#MeToo shines light on sexual assault in DC area

Hashtag 'Me Too.' Those two words are echoing across social media to speak out against sexual harassment and assault.

WASHINGTON (WUSA9) - #MeToo is a hashtag echoing across social media to speak out against sexual harassment and assault.

From Twitter and Facebook, women are sharing their personal stories.

The 'Me Too' movement was launched years ago by Tarana Burke, an activist in Philadelphia. 

Actress Alyssa Milano helped bring attention to the movement on Sunday by asking victims to post 'Me Too' to show how big of a problem sexual harassment and assault are. 

RELATED: Actress asks if others have been harassed by using #MeToo on Twitter

All of this came on the heels of a report that showed a major college in D.C. facing the highest number of reported rapes they have had in years.

The numbers were from 2016.

George Washington University released its annual security report last month that showed a higher number of robberies, weapons, and rapes on or around the Foggy Bottom campus last year. 

There was a total of 25 reported rape cases in 2016 which is the highest it has been since reporting criteria changed three years ago.

“It could be a good thing that people feel more comfortable reporting, or it could be that there is an increase in sexual harassment and assault which would be consistent with the rise in hate-based harassment across the city and across the country year because of the political climate,” Jessica Raven, executive director of Collective Action for Safe Spaces (CASS), said.

Raven’s organization that fights to end sexual harassment and assault.

The team joined millions of people using the ‘Me Too’ hashtag to bring awareness and fight the problem.

Women all over the county told their stories of coming face to face with assault and harassment.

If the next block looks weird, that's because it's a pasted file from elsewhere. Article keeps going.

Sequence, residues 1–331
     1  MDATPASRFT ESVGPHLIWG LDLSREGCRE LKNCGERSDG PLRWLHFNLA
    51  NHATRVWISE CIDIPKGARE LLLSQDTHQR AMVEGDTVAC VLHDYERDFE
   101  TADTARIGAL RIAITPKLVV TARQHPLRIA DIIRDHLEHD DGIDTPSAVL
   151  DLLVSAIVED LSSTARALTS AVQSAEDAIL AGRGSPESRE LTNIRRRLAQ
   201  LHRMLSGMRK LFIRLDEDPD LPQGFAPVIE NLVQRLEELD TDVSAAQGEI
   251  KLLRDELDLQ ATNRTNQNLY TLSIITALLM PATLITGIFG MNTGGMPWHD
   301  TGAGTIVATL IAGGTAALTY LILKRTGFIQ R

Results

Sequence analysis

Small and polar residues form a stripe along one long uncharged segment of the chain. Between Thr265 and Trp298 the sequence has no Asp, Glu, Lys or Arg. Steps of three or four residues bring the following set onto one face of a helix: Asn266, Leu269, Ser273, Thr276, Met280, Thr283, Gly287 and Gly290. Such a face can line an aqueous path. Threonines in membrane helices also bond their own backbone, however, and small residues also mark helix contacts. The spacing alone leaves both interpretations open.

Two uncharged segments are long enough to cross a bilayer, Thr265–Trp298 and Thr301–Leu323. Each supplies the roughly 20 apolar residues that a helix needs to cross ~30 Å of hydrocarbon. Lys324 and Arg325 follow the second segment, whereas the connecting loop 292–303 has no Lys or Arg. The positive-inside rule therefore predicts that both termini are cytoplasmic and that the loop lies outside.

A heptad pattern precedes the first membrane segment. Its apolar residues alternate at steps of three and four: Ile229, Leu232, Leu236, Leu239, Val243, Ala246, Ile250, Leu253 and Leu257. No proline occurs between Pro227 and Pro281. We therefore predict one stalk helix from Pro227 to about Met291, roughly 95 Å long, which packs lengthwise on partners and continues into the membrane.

CASS has collected more than 1,000 of these stories over the years and posted them to a blog called “My Streets, Too.”

Raven said the accounts illustrate that the problem is real and exists in the D.C. area.

“We know that from some of the stories that have been shared from the data that street harassment is backed by the threat that one in five women will be sexually assaulted in her lifetime,” Raven explained.

Raven believes there has not been enough done to track local data of sexual assault and harassment.

The DC City Council is reviewing legislation that may help spark change by creating a street harassment advisory committee to address new policies and procedures.

“I think that the fact that the data hasn't been collected is a sign that we're still working to prove that it is even a problem,” Raven said. “By sharing our stories constantly. It is like we are still trying to be acknowledged and have that problem validated.”

“Because of increased awareness and education, we have seen an increase in the numbers of students who are reporting incidents to both law enforcement personnel and campus authorities,” Darrell Darnell, Senior Associate Vice President for Safety and Security at George Washington University, said.

It is important to note that even though a robbery, weapon incident, or rape was reported to the campus, it does not mean the incident occurs on the school’s property.

In many cases, the university is required to report incidents that happened within a one block radius.

For more information on CASS or to access resources, CLICK HERE.

© 2017 WUSA-TV


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